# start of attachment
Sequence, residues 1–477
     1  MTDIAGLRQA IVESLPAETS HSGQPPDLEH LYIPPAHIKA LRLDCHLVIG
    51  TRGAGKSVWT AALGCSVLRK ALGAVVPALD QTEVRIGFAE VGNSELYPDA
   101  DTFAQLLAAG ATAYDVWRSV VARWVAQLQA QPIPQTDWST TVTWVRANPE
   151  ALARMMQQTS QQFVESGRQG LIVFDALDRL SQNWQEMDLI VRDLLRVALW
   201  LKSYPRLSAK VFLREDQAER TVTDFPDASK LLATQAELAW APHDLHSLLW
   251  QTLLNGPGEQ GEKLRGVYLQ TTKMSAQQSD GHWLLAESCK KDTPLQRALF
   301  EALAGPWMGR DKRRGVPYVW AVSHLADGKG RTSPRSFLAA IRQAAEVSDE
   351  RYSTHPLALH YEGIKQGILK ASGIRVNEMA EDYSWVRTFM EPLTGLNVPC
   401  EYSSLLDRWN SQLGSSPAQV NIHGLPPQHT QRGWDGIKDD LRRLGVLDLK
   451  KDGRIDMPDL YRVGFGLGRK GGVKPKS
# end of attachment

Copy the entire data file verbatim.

Sequence, residues 1–477
     1  MTDIAGLRQA IVESLPAETS HSGQPPDLEH LYIPPAHIKA LRLDCHLVIG
    51  TRGAGKSVWT AALGCSVLRK ALGAVVPALD QTEVRIGFAE VGNSELYPDA
   101  DTFAQLLAAG ATAYDVWRSV VARWVAQLQA QPIPQTDWST TVTWVRANPE
   151  ALARMMQQTS QQFVESGRQG LIVFDALDRL SQNWQEMDLI VRDLLRVALW
   201  LKSYPRLSAK VFLREDQAER TVTDFPDASK LLATQAELAW APHDLHSLLW
   251  QTLLNGPGEQ GEKLRGVYLQ TTKMSAQQSD GHWLLAESCK KDTPLQRALF
   301  EALAGPWMGR DKRRGVPYVW AVSHLADGKG RTSPRSFLAA IRQAAEVSDE
   351  RYSTHPLALH YEGIKQGILK ASGIRVNEMA EDYSWVRTFM EPLTGLNVPC
   401  EYSSLLDRWN SQLGSSPAQV NIHGLPPQHT QRGWDGIKDD LRRLGVLDLK
   451  KDGRIDMPDL YRVGFGLGRK GGVKPKS